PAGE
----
Two times two equaled sixty-nine incomplete equations–all the positional subterfuge one Gemini multiplied into another, limber formulae in four dimensions because time crosses the space, the mirrors along the bed for our watching twins–look how they grin and preen into polygons, a one-night tesseract angling into twenty-three months. No surprise we met in August–our Virgo mothers looming in the ceiling shadows, their folded arms cast by blinds pushing the moon out of the way of my tendency to talk too dirty, your quiet half tasting like the salty lip of rock and sea–you called it Italy, but I knew that one was a zero–the morning we tried to finish fifty-one, you left for your place before finishing your latte, complaining about my bacon being too soggy, but I’d seen your face in the nearest mirror–you had calculated the future division, drew a straight line past it.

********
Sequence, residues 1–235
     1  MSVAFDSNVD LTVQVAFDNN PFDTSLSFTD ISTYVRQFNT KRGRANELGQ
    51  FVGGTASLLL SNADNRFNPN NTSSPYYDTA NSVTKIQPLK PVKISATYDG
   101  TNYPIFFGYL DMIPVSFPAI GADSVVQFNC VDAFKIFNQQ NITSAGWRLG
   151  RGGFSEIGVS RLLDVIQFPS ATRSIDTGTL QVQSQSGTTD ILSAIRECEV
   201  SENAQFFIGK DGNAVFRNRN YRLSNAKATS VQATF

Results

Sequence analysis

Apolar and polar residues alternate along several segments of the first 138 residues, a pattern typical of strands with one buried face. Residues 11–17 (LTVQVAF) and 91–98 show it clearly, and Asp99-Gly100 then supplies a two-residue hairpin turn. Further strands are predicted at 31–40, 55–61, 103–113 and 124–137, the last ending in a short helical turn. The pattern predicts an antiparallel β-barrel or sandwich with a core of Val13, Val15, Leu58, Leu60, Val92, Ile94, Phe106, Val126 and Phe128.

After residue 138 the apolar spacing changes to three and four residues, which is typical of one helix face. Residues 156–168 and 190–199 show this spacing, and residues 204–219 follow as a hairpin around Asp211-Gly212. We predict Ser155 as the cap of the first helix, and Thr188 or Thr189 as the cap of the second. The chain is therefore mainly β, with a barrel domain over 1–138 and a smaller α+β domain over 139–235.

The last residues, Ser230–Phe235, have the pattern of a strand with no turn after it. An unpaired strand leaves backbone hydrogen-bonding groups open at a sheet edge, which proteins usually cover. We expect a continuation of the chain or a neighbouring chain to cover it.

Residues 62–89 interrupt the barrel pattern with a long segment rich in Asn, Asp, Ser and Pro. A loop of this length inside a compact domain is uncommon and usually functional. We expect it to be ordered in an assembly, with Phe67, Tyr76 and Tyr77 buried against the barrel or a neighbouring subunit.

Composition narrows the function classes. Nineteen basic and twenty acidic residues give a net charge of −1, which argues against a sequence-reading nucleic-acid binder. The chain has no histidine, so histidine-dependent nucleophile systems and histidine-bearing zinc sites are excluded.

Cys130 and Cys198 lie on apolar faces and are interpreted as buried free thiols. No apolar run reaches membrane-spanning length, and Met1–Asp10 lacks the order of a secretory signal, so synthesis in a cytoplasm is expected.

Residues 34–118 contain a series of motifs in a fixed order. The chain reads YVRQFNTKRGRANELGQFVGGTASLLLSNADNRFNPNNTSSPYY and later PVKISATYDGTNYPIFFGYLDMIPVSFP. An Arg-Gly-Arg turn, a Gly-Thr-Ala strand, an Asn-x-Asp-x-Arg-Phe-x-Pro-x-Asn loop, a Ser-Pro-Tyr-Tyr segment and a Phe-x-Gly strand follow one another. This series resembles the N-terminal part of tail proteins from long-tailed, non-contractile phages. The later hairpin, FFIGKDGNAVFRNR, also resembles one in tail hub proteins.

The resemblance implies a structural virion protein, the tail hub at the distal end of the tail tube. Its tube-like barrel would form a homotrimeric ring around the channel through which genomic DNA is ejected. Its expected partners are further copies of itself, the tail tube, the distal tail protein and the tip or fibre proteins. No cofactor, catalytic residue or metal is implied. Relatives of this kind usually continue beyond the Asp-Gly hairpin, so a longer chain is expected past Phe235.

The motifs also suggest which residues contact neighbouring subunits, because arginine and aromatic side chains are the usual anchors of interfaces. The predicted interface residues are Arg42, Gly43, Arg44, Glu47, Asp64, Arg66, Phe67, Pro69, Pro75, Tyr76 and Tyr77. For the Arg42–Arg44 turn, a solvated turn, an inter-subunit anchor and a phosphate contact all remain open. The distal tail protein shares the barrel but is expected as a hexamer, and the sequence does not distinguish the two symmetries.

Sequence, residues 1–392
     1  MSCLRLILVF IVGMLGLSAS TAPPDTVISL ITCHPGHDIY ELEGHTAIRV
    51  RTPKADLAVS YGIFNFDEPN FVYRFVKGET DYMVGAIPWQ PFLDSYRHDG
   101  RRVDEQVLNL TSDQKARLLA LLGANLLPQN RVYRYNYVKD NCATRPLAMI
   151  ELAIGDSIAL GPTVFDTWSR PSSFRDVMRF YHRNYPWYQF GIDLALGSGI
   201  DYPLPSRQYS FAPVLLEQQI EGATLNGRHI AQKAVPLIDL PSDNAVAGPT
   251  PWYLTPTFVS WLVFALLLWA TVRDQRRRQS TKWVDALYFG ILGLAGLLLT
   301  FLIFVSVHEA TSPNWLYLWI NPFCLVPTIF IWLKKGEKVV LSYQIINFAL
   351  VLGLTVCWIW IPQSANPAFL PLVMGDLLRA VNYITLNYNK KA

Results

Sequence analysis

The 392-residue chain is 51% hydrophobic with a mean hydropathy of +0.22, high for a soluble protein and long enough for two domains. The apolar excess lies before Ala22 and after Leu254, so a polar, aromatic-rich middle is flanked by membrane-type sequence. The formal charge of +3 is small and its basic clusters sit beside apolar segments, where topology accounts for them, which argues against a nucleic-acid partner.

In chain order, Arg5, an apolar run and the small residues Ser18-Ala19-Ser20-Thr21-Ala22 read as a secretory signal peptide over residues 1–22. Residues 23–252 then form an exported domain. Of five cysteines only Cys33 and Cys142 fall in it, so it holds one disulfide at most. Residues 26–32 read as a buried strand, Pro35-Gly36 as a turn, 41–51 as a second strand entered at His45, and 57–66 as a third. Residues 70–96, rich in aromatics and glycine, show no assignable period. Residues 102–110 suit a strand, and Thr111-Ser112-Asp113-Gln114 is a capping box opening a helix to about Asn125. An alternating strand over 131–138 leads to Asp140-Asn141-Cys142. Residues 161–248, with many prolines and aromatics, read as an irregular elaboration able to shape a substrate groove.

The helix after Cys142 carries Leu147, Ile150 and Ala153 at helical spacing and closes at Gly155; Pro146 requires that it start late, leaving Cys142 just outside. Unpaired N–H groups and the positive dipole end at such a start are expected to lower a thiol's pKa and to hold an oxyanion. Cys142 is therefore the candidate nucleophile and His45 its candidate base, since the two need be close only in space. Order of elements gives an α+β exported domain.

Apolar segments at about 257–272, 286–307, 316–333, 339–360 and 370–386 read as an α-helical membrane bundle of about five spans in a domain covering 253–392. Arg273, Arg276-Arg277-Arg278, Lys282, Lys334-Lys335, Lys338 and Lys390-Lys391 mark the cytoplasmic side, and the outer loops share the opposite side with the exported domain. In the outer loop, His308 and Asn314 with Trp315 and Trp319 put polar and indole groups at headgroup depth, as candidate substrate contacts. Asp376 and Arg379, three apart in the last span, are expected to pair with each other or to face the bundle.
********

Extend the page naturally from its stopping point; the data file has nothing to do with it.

Ben Kline is a poet, storyteller and very Gemini type of Gemini from Cincinnati (the Ohio one) whose work has appeared in Pangyrus, South Carolina Review, Poetry, DIAGRAM and other beautiful publications. He loves coffee, martinis, short shorts, ghosts and Madonna. He hates math, but understands it answers almost every question (a poem can ask) about the universe. Born in a year of the tiger, this 💀 feels good between his teeth.
(Gemini sun, Gemini moon, Scorpio rising)
- On Wednesday I Get Ashes at the Drive-Thru
Katelyn Botsford Tucker
- How To Lie On Your Back Underwater And Not Drown Your Fool Self
- The Day Ends. The Day Ends. The Day Ends.
- And if this is where you live, welcome home
- After Saying John Ashbery’s Poetry Is Like Getting Out of a Bath When It’s Still Warm, And My Workshop Instructor Laughs and Tells Us He’s Going to Tell His Friend I Said That, Repeating What I Said in a Lower Voice, Not Like “John Ashbery’s Poetry Is Like Getting Out of a Bath When It’s Still Warm” but More Like “John Ashbery’s poetry is like getting out of a bath when it’s still warm” Because People Don’t Normally Talk in Capitals, and Did Y’all Know I Visited the Capitol in Fifth Grade on a School Field Trip as a “Safety Patrol,” Back When I Didn’t Know the Responsibilities Behind Patrolling a School, Before An Intoxicated Man Intruded My High School Last Year and the School Cop, on Their First Day, Didn’t Know What to Do, so the Local Cops Shot the Intruder in the Same Building I Was in